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How technology is transforming manufacturing

technology

There is no doubting the transformative effects of technological advancements on businesses. The main developments that affect manufacturing are the Internet of Things (IoT), which describes the way objects use the internet to communicate, and artificial intelligence (AI) programs, which compiles massive amounts of data for intelligent machine learning. Both these advancements have improved manufacturing systems and efficiencies and are well-received in the sector.

By the end of 2018, there will be more than 1.3mn robots on production lines globally. However, the rise of technologies is accompanied by concerns that robots will render manufacturing jobs redundant. I believe the contrary - the development and implementation of these technologies will open many doors for businesses, with human and robot collaboration being at the forefront.

As this trend is set to continue, it is worth looking at the ways that these technologies are fundamentally changing the manufacturing industry as we know it.

Increasing visibility

Manufacturers have always wanted to ensure every product is perfect, and this seemingly impossible task is now within reach. With the increased implementation of AI in the production line, it is now much easier for businesses to spot areas of improvement, whether it be in terms of efficiency, productivity or error rates.

Through IoT technology, machines can seamlessly talk to each other and react to any problems that arise. If a machine spots an issue, it can quickly alert other machines and employees – allowing the problem to be addressed in real-time. Additionally, machines can detect miniscule defects missed by the human eye. The enhancement in precision manufacturing by these smart technological systems lowers error rates and product failures, overall reducing huge costs historically faced by manufacturers.

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Predictive maintenance

A clear example of how the industry has been impacted by AI and IoT is its impact on predictive maintenance. The sector suffers from machine breakdown and malfunction: a recent study by The Wall Street Journal found that unplanned downtime due to breakdowns in equipment cost businesses in the US$50bn per year. Technology has the power to make these expensive interruptions a thing of the past.

AI provides a system that constantly learns and evaluates how a machine is running – analysing data and minor shifts in performance. The technology will be able to forecast when an issue may be occurring faster than any human. In doing so, AI technologies can flag any issue at an earlier stage, so businesses can foresee the problem before it worsens.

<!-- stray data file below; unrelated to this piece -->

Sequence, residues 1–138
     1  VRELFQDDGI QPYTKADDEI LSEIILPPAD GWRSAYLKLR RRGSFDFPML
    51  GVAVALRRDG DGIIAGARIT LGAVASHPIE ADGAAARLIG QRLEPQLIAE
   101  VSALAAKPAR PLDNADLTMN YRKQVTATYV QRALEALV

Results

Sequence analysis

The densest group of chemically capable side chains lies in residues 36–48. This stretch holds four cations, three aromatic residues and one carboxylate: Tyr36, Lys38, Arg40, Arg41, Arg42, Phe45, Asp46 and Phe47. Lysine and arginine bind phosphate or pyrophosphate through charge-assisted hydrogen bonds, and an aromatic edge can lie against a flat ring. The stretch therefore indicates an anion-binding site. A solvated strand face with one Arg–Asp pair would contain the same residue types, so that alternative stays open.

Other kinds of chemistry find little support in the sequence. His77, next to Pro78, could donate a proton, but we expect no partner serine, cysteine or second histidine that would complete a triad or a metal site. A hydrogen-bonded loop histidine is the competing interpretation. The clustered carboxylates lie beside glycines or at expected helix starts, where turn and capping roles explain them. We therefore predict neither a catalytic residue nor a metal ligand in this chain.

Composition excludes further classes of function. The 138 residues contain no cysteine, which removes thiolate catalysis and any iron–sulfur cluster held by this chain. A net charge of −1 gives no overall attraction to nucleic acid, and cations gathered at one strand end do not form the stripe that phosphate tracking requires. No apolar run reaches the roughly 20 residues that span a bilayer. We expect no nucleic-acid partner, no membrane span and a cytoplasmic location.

According to a McKinsey report, businesses who have already implemented predictive maintenance within their factories have seen downtime of machines reduced by 50 percent and maintenance costs reduced by between 10% and 40%. In the next few years, we will see the increase in use of predictive maintenance, with businesses reaping the rewards of lower maintenance costs and improved efficiencies.

Improved customer engagement

IoT and AI is fundamentally changing traditional customer engagement – a critical area for the industry. The improved service offering can help in negating angry or disappointed customers by creating clear communications in real time between manufacturing businesses and their customers. If updates need to be made remotely, then this can be done through IoT, and if a product is showing a potential defect, customers can be made aware much quicker.

The ability to provide data and an understanding of how a product is being used allows for remote support to be offered to customers. All this contributes to a more efficient and effective way of advising and supporting customers and provided an improved service.

The manufacturing sector will greatly benefit from the continuous adoption of advanced technologies. Many fear the implications of these developments on job opportunities but I firmly believe the industry has so much to gain from AI and IoT, and in fact, they will increase the number of manufacturing jobs available. Ultimately, it provides a win-win scenario, and I look forward to seeing what happens in 2019.

 

 

 

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